Choosing Our Direction: A Primer on Strategic Planning and Visioning

This booklet will help explain strategic planning, including who should be involved, what needs to be done to make it successful, and whether an organization is ready to undertake such an effort.
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Introduction

This workbook is the first in a series of five designed to assist your group, organization, or nonprofit agency in developing an effective strategic plan that can help you strengthen and sustain your organization’s achievements. These workbooks can also help provide you with the insight you need to accurately and realistically guide your future. Intended as the introduction to the other four booklets in this series, Setting the Stage will help you understand the strategic planning process, who should be involved, and what you need to do to make it successful. It will also help you assess whether your organization is prepared to undertake such an effort at this time. Workbooks 1 through 4 in the Choosing Our Direction series will guide you through the steps required to move from discussion and exploration to the point where you can outline—and implement—an effective course of action that will make your strategic planning efforts pay dividends long into the future.

Whether your group has been in existence for many years or only a couple of months, an accurate and realistic strategic planning effort can help you better prepare for the challenges ahead. Common sense suggests (and research findings substantiate) that those organizations having the clearest sense of their own goals and capabilities are most successful. An old adage says, “If you don’t know where you’re going, any path will get you there.” What your organization wants to ensure is that you are taking the path that makes the most of your talents, time, and resources.

What Is Strategic Planning?

Strategic planning can most succinctly be described as a systematic process through which an organization agrees on—and builds commitment among key stakeholders regarding—priorities that are essential to its mission and responsive to the operating environment.

Planning involves looking forward and deciding what the organization will do in the future. Strategic planning is a disciplined effort to produce decisions and actions that guide and shape what the organization is, what it does, and why it does it. It also requires that an organization examine what it is and the environment in which it is working—and thus focus on future issues and challenges.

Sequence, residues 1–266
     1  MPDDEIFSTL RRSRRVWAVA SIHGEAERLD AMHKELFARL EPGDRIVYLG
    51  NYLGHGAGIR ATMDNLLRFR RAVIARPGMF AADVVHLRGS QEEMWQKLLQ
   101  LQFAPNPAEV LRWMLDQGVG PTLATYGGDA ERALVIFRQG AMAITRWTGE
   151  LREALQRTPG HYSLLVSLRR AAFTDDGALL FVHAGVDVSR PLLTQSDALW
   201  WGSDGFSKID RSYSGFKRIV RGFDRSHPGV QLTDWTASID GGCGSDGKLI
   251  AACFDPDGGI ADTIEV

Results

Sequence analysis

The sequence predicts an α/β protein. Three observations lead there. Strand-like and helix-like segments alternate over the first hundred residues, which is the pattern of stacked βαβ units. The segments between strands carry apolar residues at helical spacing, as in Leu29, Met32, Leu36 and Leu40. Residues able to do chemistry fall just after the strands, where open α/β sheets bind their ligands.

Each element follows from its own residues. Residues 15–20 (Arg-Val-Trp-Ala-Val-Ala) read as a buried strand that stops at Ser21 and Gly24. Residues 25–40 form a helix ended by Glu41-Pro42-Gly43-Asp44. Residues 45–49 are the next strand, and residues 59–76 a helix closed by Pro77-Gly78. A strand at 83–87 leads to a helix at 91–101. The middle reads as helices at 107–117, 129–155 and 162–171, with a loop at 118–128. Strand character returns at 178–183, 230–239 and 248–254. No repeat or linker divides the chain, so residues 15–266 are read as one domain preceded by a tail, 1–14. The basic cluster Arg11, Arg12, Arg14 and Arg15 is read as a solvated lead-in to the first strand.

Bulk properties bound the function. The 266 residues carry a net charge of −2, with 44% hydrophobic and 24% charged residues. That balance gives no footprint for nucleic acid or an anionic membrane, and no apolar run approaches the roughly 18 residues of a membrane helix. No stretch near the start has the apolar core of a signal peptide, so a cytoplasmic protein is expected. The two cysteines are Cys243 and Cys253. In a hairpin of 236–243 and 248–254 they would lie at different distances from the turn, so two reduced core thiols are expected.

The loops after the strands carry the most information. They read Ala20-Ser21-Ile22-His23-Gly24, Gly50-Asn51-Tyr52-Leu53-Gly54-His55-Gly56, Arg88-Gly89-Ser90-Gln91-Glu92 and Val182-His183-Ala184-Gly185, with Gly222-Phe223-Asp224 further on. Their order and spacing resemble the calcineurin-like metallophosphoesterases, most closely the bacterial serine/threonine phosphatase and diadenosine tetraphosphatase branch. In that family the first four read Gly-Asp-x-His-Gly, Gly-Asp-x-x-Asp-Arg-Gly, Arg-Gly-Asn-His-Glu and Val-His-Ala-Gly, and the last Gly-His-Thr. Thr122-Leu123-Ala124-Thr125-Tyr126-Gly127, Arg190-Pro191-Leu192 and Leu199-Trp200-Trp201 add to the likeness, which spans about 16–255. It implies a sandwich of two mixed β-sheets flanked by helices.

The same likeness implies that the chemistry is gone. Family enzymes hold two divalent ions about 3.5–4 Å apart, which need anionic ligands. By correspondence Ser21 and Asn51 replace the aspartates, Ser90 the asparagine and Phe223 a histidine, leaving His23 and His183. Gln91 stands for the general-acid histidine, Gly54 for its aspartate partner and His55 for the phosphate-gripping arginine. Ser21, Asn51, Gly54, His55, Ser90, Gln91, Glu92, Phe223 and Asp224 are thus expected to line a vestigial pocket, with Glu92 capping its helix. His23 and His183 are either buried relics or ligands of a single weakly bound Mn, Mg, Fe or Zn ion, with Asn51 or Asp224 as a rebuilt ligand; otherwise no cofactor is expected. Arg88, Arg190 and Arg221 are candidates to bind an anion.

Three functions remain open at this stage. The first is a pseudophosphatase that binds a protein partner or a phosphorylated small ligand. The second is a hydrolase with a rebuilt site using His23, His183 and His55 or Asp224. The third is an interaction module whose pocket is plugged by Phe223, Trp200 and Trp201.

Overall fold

As you will see, strategic planning requires, as a first step, a comprehensive organizational assessment. As such, in the early stages of strategic planning efforts your organization will need to undertake a process of gathering and analyzing information needed to make an appraisal of the organization in its environment.

Why Undertake a Strategic Planning Effort?

Strategic planning should be viewed as a tool to help your community-based organization use its human and financial resources effectively. A well-thought-out strategic plan, developed with input from internal and external stakeholders, will enable your organization to identify and prioritize important goals, increase members’ involvement in the organization, and increase the financial resources that are needed to attain these goals.

Benefits of Strategic Planning

  • Defining a shared vision
  • Learning about community, industry, and society trends
  • Prioritizing critical issues
  • Developing synergies between strategies so that all of the organization’s efforts work together
  • Enhancing accountability
  • Helping to overcome crisis management
  • Increasing motivation, commitment, and teamwork
  • Hearing from key stakeholders
  • Identifying organizational strengths and weaknesses
  • Encouraging strategic thinking
  • Adapting more effectively to changing circumstances
  • Providing focus for people’s energies
  • Use in developing a solid fund-raising plan
  • Developing shared criteria for evaluating achievement

While they are outweighed by the benefits, we should also recognize that there are some very real challenges to effective strategic planning.

Challenges of Strategic Planning

  • Resources are needed: commitment, time, money
  • Individuals are less likely to be able to forward their personal agendas
  • May expose some organizational weak areas or conflicts
  • Requires discipline on the part of many people over a long period of time
  • Can be threatening—may call into question long-favored goals, strategies, and programs
  • May require discussion of controversial issues that some may prefer to avoid

How to Prepare Your Organization for Effective Strategic Planning